Other popular activities up and down our coastline include stand-up paddle boarding, kayaking, jet skiing, rubber-ducking, windsurfing, and sailing all classes of boats and yachts. There’s also rock angling or deep sea fishing, as well as scuba diving, snorkelling and spearfishing to consider. With about 3,000 shipwrecks along South Africa’s 3,000km-long coastline, wreck diving is very popular.
Some of the more popular diving sites are found on the Aliwal Shoal and Protea Banks off KwaZulu-Natal, the various reefs off Sodwana Bay, Rooiels and Hangklip on the southern side of False Bay, Cape Point, Jongensfontein and Gourits River mouth in the Southern Cape, The Point area, Roman Bank and Mitch’s Reef around Mossel Bay, the Arniston wreck at Waenhuiskrans, the Gamtoos and Storm’s River mouths in the Eastern Cape, and various dive sites off East London and the Wild Coast, to name but a few.
For all of the above activities there are numerous clubs at all the major cities, towns and beaches, where visitors will find many locals eager to guide them around. There are a large number of scuba diving academies where novices can learn and be certified, or where gear can be rented. For those looking for charter opportunities or just wanting to learn more about the local yachting scene, there are world-famous yacht clubs like the Royal Cape Yacht Club in Cape Town (Tel: +27 (0)21-421-1354), the Royal Natal Yacht Club in Durbann (Tel: +27 (0)31 301 5425), or the Algoa Bay Yacht Club in Port Elizabeth (Nelson Mandela Bay).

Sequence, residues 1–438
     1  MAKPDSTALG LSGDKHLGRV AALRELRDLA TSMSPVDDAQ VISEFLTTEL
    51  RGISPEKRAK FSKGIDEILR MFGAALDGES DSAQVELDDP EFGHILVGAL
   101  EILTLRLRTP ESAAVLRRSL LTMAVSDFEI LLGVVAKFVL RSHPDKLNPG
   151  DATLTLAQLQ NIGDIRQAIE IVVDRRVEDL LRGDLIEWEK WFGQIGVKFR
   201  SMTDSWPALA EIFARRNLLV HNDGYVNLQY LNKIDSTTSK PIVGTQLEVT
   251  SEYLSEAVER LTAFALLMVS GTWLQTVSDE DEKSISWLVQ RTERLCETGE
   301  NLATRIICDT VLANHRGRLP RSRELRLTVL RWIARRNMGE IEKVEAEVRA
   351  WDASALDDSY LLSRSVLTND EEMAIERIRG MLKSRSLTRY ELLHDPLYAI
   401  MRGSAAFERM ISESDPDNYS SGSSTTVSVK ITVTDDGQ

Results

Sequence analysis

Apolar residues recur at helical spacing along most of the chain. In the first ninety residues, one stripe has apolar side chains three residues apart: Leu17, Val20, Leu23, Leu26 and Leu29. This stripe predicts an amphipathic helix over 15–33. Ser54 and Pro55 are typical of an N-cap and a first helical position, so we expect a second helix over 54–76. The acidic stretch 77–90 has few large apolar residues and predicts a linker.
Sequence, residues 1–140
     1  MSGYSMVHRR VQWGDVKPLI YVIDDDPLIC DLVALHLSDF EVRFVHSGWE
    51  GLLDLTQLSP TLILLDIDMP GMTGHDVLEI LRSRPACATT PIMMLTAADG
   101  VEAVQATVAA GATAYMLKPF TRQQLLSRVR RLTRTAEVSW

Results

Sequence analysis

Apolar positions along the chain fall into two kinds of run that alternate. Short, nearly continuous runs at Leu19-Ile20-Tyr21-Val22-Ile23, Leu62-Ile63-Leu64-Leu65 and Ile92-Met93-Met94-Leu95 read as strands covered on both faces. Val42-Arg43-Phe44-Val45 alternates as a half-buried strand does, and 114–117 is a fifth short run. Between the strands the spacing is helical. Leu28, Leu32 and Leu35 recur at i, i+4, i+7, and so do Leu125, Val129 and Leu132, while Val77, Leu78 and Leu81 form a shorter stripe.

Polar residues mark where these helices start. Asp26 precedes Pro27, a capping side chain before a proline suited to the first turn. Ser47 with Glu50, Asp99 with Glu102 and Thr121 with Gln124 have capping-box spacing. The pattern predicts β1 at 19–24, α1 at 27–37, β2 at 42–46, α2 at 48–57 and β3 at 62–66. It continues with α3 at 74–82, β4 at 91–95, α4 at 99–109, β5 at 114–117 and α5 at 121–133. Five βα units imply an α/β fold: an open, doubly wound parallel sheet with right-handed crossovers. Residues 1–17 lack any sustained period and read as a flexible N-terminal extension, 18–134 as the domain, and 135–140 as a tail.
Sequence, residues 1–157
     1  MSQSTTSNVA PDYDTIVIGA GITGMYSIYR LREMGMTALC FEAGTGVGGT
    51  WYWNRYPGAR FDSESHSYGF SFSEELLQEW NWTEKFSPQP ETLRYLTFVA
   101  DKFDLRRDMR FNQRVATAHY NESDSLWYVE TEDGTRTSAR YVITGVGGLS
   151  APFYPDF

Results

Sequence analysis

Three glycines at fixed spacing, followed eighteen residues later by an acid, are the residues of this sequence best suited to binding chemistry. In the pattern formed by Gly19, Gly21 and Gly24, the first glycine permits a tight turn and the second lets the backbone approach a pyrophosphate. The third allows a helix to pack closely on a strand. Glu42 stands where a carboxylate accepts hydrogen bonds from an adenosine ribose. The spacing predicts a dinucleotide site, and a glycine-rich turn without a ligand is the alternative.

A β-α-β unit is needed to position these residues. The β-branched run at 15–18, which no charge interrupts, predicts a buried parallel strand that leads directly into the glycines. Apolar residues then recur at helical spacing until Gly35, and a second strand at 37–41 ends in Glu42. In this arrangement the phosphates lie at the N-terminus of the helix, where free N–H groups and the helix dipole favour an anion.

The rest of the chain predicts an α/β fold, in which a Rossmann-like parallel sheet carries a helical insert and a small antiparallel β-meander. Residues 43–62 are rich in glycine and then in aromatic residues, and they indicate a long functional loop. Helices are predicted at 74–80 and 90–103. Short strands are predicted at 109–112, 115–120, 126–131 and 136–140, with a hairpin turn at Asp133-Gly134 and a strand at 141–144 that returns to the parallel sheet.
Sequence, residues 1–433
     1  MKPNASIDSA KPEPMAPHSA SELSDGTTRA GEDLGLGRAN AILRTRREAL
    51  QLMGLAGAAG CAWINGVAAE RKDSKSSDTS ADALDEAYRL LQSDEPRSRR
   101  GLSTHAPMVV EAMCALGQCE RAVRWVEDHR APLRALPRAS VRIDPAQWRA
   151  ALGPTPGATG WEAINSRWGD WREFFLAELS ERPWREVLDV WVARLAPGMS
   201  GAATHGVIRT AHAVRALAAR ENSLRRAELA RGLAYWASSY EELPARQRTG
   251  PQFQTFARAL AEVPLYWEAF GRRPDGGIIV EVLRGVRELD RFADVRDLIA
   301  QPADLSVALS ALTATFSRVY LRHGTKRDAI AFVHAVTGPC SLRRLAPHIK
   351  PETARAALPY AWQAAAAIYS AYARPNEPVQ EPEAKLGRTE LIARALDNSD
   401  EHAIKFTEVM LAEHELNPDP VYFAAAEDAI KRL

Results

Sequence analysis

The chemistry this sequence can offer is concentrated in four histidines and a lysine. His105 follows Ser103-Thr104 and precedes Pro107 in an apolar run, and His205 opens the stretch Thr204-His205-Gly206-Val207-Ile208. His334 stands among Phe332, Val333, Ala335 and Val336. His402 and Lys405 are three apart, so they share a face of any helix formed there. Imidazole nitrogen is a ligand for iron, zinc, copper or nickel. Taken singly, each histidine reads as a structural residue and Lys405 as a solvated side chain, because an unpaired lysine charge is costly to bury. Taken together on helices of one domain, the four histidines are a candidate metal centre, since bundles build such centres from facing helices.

The beaches at Table View, Big Bay, Melkbosstrand, Langebaan Lagoon and others along the West Coast are renowned as a global mecca for kite surfers, when raging Southeasters churn up these seas in summer and the kite surfers reach awesome speeds and jumping heights. (Contact the SA Kitesurfing Association at Tel: +27 (0) 829 0344/56 for more info).
Shark cage diving is very popular too, and a large number of operators are found in coastal cities and towns from Cape Town to Sodwana Bay.